I get asked pretty often for tips on how to improve working / learning efficiency. I usually give the same answer, so I figured I’d document it here, as I don’t always have time to go into sufficient detail on the spot. This post was originally about why you should learn vim, but I figured it would be good to contextualize it more broadly.
- Learn to learn better
- Learn to computer better
There are two big concepts I’d like to bullet point (well, 2 and a half, let’s say)
1: Develop Honest Learning Habits - the number one given, and it’s actually pretty straightforward: if you want to learn a language, you have to start using it. Videos and tutorials are lovely resources, but somewhat deceptive. You feel like you’re learning, and certainly to some extent you are - but at best you’re learning to memorize code, not produce it.
As soon as you can declare variables and push values around, you’re ready to start writing programs. Hesitation is understandable - “Maybe a couple more how-tos, I don’t feel quiiiite ready.” - but just put that aside and jump in. You’ll run into problems, I guarantee it. Google them. That’s what real work looks like - figuring out how to solve your own problems.
I know, it’s not nearly as much fun as kicking back and watching a video. Forgive me for the curmudgeonly aside, but contrary to what most of the marketing imagery popping up in your Facebook feed might suggest, learning to program isn’t always fun:
To sum it up:
- Write code
- Google errors
- Don’t smile (just kidding, please do)
2: Become a Power User in your own right. IMO this gets overlooked way too often, and it’s way more important than you think.
Despite what you might have heard, this isn’t just an ivory tower pass-time reserved for the nerdiest of nerds, fiddling with window manager configs or tailoring their system’s C / C++ compilation flags to their CPU architecture. It’s a broadly-defined, on-going process of learning to understand and augment your everyday computer usage.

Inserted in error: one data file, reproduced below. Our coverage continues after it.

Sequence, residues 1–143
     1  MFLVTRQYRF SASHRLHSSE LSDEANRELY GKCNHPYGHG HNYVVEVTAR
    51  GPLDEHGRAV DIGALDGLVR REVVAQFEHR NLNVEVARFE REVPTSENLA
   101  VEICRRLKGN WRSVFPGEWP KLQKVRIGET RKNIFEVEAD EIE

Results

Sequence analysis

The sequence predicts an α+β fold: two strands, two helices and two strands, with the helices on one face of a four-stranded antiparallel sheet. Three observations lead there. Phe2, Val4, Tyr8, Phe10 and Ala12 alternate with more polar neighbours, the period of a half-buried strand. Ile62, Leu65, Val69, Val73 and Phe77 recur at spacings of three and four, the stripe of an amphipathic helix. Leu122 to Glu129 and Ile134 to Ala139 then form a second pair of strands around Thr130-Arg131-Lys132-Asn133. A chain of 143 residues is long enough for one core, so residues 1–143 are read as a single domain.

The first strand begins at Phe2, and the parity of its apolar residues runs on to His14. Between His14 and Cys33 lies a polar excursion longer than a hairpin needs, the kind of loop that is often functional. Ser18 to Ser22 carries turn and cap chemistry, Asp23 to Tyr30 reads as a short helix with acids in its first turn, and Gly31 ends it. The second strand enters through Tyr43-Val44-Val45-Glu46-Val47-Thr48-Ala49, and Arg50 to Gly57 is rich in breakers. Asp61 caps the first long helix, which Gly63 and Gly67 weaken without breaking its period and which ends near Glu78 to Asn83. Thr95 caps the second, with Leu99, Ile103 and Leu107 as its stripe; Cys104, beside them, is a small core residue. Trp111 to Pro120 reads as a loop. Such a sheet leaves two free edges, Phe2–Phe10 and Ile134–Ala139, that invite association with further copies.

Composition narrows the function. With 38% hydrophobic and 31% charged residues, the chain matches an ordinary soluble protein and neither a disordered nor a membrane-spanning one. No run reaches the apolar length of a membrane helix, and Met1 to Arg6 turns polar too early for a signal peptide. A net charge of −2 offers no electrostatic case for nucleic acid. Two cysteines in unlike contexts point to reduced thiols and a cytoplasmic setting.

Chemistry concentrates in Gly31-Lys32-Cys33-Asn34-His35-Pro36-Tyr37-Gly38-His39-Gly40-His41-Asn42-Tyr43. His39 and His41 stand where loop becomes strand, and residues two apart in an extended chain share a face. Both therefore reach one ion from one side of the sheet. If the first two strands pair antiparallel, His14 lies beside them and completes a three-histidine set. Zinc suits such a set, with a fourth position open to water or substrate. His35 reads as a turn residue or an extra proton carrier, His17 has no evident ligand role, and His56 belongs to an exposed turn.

First and foremost - use keyboard shortcuts.
Look at it this way - for every trade, there are tools. What’s your most valuable tool as a developer (besides your brain)? Right, your computer. Your ability to use your computer directly affects your ability to translate thoughts into programs.
Writing code uses enough brainpower as it is. Every unnecessary movement you make hinders your ability to efficiently translate ideas into code - I call this cognitive friction. Learning keyboard shortcuts will reduce that friction, allowing you to work faster and more effectively.
If I haven’t convinced you yet, try this: make sure Atom is running and minimized, then use your phone’s stopwatch to record the time it takes to move your mouse from this browser window and over to Atom. At best, I can do 3.35s.
Now, try it again, only this time use
Command - Tab (
Alt - Tab for Windows / Linux). In this case, it took me a less than a second.
How many times do you switch between your editor and your browser / terminal when you’re working on a project? 20 times? 50 times? Do the math, I think you’ll see which way is better.
Here’s a list of my favorite shortcuts:
* `Command - Tab / Command - Shift - Tab # Cycle active window forwards / backwards` * `Command - 1 / 2 / 3 ... 9 # select first tab, second tab third tab, or last tab (Chrome and Atom)` * `Command - R # Reload (Chrome)` * `Command - Space # Spotlight search (you should almost never have to use finder to open an application)` * `Command - S # Save (Atom, Word, almost any GUI application really)` # Got a lot of words to delete? Instead of just holding Backspace for the rest of your life: * `Command - Backspace # Delete to beginning of line` * `Alt - Backspace # Delete single word` * `Command - [ / ] # Indent backwards / forwards` * `Command - D # Find and select next instance of currently selected word(s). This one rules!` * `Command - F # Find in page (both Atom and Chrome)` * `Command - G / Command - Shift - G # Cycle through search results forward / backward` * `Command - T # New Tab` * `Command - Q # Quit`